If there is one word that characterizes today's world, it's stress: job stress, role stress, stressful relationships, life stress! The primary sources of stress in our lives are:
conflicts in relationships
internal pressures and expectations
Often, the events themselves are not as important in determining stress levels as our emotional reaction to them. In fact, stress is more than just an event; it consists of the event (called the stressor) plus how we feel about the situation, How we interpret it, and what we do to cope with it.
Managing Stress:Stress management is a juggling act;
most people can handle one or twosources of stress well, perhaps even
three. effectively coping with stress can cause an exhilaration known
as eustress. But when there are too many stressors, or they continue for too long, you can begin to experience distress.
This occurs when...
you don't feel in control you see few or no options for handling the situation stress is prolonged there are too many simultaneous stressors.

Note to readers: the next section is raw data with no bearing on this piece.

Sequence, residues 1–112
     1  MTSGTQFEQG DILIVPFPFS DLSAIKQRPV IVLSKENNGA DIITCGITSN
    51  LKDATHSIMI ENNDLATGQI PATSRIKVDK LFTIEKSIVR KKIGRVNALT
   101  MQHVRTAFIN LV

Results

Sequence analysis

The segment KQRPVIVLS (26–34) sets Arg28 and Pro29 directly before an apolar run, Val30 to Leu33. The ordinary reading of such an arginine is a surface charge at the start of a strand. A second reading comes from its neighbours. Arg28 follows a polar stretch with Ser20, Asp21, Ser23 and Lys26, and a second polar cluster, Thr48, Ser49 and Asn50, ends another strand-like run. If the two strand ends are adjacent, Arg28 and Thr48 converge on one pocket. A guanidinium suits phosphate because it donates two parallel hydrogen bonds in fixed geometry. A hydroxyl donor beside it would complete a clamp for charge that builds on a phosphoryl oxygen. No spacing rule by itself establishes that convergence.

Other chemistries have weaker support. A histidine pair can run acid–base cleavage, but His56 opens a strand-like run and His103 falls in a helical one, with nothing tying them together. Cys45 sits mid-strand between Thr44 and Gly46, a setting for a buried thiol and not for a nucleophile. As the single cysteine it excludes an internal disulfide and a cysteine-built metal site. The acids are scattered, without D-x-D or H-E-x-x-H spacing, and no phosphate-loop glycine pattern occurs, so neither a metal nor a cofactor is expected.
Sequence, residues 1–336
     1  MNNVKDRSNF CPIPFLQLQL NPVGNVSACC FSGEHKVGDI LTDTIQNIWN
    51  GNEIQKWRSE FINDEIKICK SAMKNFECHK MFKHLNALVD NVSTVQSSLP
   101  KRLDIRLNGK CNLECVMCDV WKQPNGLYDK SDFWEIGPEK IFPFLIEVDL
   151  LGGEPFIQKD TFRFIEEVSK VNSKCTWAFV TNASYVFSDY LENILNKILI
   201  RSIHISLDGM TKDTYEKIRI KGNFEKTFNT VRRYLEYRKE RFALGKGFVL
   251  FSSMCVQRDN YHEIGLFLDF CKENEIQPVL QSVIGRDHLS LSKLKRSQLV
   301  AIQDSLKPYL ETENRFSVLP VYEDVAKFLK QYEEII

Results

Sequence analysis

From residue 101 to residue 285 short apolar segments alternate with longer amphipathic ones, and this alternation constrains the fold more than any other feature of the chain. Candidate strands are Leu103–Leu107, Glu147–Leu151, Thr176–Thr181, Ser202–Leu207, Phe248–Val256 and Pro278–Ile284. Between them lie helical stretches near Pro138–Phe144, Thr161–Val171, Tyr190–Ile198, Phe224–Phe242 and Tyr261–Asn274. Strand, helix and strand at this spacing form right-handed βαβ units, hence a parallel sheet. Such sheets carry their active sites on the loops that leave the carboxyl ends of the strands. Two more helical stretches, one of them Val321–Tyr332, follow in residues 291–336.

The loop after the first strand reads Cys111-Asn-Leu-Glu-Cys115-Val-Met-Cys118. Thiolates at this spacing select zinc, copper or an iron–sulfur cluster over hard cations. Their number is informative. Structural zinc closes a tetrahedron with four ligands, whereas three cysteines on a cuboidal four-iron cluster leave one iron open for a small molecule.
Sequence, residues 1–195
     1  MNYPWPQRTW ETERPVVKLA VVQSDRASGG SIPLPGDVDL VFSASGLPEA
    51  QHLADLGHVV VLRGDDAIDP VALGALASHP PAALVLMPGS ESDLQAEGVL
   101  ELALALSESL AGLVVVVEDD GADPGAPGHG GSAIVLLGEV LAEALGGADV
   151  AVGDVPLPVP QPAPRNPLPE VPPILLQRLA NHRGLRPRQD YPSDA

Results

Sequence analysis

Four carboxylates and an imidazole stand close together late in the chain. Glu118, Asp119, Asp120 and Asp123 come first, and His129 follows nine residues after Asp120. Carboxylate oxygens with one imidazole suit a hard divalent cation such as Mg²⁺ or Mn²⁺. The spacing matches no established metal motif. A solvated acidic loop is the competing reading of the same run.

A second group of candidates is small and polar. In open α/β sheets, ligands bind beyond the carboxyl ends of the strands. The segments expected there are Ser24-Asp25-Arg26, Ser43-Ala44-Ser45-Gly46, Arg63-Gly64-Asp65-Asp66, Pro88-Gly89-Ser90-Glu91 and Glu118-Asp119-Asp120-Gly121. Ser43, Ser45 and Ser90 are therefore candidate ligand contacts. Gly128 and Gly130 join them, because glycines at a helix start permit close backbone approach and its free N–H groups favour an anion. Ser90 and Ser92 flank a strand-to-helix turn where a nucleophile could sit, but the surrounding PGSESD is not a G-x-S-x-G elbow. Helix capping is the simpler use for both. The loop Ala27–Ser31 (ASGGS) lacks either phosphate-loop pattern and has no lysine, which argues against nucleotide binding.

Experts estimate that 50-80% of all physical illness is stressrelated.
In fact, stress is the #1 health problem among Americans age 20-65.
Stress affects body metabolism in much the same way as physical exertion
-- with rapid heartbeat, rising blood pressure, and shortness of
breath. Under chronic stress, these reactions can cause high blood pressure, ulcer, elevated cholesterol levels, and heart disease.
Job stress is an increasingly serious problem for both employers and
employees; it now accounts for 10% of all worker's compensation claim.
Although technological and environmental factors such as computer
terminals, noise levels, and fluorescent lighting contribute to job
stress, the primary culprits appear to be psychological factors such as lack of appreciation, job instability, social isolation, and vague job descriptions High job demand, low control over the work, and lack of decision-making power are a losing combination that creates job stress.